Decolonize Week

The whole event was a great opportunity to get people talking and engaging in conversations that were once silenced or put to the backburners of the societal conversation.
Wolfthump and dancers at DECOLONIZE WEEK
Wolfthump and dancers at DECOLONIZE WEEK
Andrew Vojta

This week at Butte Community College was Decolonize Week, an event held by the college under the DEIA2 program (Diversity, Equity, Inclusion, Anti-Racism, and Accessibility). The week started on April 1, 2024, yes, April Fool’s Day, but this event was no joke.

If you were at the Butte Community College main campus, then you may have noticed some of the signs, the dancers, and the drum group Wolf Thump.

The main campus provided free food and ice cream sticks, lemonade or water, and hot dogs (vegetarian or beef) and chips. Besides food, dancers and the band, there were public speakers as well.

With “Call to Action” theme, every day of Decolonize Week featured the theme by either supporting or having a way to engage the public in open dialogue.

Artwork for DECOLONIZE WEEK (Andrew Vojta)

Each day, from April 1-4 will be different events some in person and some via Zoom. A different theme for each with a focus and an aim to reach more with a message that aligns with DEIA2 and what they support and value.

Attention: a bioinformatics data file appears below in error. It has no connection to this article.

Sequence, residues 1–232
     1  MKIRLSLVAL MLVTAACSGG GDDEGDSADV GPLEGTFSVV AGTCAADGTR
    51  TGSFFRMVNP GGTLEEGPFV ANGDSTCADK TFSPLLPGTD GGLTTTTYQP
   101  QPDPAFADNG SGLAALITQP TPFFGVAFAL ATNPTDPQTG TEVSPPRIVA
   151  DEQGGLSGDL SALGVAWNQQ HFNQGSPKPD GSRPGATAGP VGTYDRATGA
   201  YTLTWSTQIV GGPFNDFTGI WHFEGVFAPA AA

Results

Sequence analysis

A menu of workshops and activities were hosed to enhance a culture of inclusiveness. The overall intent wA to inform and inspire current and future actions by offering sessions that provide attendees with knowledge, training, and inspiration” according to the Butte College website.

 

Wolfthump and dancers at DECOLONIZE WEEK (Andrew Vojta)

On April 2 the keynote speaker was Angela Davis, an activist and a professor University of California Santa Cruz who played a large role in social justice and an icon in the 1960’s Civil Rights era.

April 4 was the last day for the event, along with another interactive cultural exhibit. The closing compression plus food trucks/elote (corn)/ pizza/paletas. An arts and crafts station provided supplies to make bracelets/Reiki/painting. A sound bath was located under the  solar panels by the Arts Building.

They also helped with financial aid workshops, interactive cultural exhibits, celebrating our identities and diversity art shows.

This was also a good time for those on campus to open yourselves to new ideas and expand your mind, even challenging the beliefs that you may hold now. Isn’t that the main part of the college experience anyway?

The whole event was a great opportunity to get people talking and engaging in conversations that were once silenced or put to the backburners of the societal conversation.

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